In fiction, violence is often noble and heroic. Despite his town abandoning him, in High Noon Gary Cooper stays to fight the outlaws, and we love him for his steadfastness and sacrifice. These days, we apparently can’t get enough of super heroes who single-handedly save our city, world, or universe by beating the shit out of the bad guys. Other times, violence is inconsequential, beautiful, and comic, as in Looney Tunes, or as in Quentin Tarantino and the generation of filmmakers he inspired. Yet the story violence that is most true to life occurs in tragedy, because it has real consequences beyond saving the day or titillating the audience. Macbeth and his wife kill their king out of base ambition; Agamemnon sacrifices his daughter to get a favorable breeze; Stringer Bell betrays Avon Barksdale by having D’Angelo killed; and in turn each of these tragic heroes must pay the ultimate price for their actions.

These stories tell the truth– that violence always has far-reaching consequences. The football player who takes hit after hit may end up with dementia in his 40s; he may die of an overdose, or by suicide, because he simply can’t live with the pain. Endless war in Africa or the Middle East is self-perpetuating, and its roots can go back dozens, hundreds, or thousands of years. Even the smallest event has long lasting effects: falling on a ski slope and tearing your ACL can be portrayed as a vivid instance of drama, but the real story is the week of lying in bed, the hobbling around on crutches, the premature end of the ski season, the necessary surgery and six month recovery. Or perhaps it’s about being thankful that nothing worse occurred, or the relief of finally having healthcare after 15 years without it; or the simultaneous worry over the high deductible, having chosen the cheapest plan based on the belief that getting ill or injured is unlikely. Whatever this story is about, I guess sometimes we need a reminder– as writers, as consumers of culture, as actors in society– that the shiny, transfixing moment of action is indeed only one moment, yet its repercussions will linger long after most people have forgotten it.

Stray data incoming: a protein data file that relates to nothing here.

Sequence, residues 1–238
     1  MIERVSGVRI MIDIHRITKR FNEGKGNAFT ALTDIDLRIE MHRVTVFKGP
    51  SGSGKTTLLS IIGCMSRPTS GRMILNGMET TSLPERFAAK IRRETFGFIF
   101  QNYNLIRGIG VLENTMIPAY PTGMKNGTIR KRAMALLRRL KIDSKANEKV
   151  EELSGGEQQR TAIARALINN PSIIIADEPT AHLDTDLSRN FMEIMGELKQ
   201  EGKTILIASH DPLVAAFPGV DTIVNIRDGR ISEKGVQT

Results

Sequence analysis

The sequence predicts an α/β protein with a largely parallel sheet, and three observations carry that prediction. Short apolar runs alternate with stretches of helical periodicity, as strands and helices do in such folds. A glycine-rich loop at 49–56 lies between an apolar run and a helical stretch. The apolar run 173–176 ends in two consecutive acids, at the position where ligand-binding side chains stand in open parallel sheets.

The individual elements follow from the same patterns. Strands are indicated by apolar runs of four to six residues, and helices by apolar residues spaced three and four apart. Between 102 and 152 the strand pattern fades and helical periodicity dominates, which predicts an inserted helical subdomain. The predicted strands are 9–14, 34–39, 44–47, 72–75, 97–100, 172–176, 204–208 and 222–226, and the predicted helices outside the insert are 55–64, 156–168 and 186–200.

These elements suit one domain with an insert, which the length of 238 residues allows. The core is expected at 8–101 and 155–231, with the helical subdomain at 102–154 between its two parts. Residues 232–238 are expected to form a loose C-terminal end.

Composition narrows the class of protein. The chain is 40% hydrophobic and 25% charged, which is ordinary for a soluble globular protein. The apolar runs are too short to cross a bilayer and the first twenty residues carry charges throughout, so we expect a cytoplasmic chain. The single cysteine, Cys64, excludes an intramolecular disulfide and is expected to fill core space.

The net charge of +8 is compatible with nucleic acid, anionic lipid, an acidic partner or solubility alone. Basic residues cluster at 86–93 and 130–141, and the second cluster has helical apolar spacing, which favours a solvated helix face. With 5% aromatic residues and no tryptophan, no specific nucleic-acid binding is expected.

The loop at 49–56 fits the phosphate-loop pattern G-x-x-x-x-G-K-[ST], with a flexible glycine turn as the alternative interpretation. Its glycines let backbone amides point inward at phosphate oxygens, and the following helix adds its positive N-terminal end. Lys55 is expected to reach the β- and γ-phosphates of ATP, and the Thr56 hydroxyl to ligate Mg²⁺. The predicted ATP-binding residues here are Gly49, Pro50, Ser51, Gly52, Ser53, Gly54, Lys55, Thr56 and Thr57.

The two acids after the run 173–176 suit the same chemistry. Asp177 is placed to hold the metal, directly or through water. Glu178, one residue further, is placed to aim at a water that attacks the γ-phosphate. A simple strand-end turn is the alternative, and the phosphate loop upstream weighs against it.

At 2 hours or 3 hours, baseball is a slow, dull, glorious game.


You may have heard that Major League Baseball is implementing new rules to speed up the pace of games. So far, these include common sense ideas like making sure between-inning commercials don’t run long, and preventing the batter from getting out of the box between every pitch to adjust his gloves (except for a hundred or so exceptions– after a swing, when timeout is called, after a bunt attempt, and so on). There is talk of more stringent rules to follow– a clock that counts down the time allowed for the pitcher to throw, limiting catcher/coach visits to the mound, automatic intentional walks, and even having pinch runners for catchers, the tortoises of baseball. The idea behind all these changes is that baseball games are too long (just over 3 hours on average); this is bad because young people supposedly don’t have the attention span to last that long before they disappear into the interwebs, or whatever it is that the youth do these days. I wonder, though, if the complaint is as much for older generations, who lament the fact that things are different now from the way they used to be.